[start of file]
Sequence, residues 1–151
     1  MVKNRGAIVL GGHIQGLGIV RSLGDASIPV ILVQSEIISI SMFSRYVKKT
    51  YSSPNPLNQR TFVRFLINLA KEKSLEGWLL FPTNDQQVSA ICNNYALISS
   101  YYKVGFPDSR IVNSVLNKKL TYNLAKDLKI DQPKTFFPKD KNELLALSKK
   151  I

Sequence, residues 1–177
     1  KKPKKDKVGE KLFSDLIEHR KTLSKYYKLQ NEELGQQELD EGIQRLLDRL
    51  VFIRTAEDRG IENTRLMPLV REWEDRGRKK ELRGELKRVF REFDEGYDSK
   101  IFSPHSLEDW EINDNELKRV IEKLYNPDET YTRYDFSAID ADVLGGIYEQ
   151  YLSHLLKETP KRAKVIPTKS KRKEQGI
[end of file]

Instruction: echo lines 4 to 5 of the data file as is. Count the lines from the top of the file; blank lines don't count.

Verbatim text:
   101  YYKVGFPDSR IVNSVLNKKL TYNLAKDLKI DQPKTFFPKD KNELLALSKK
   151  I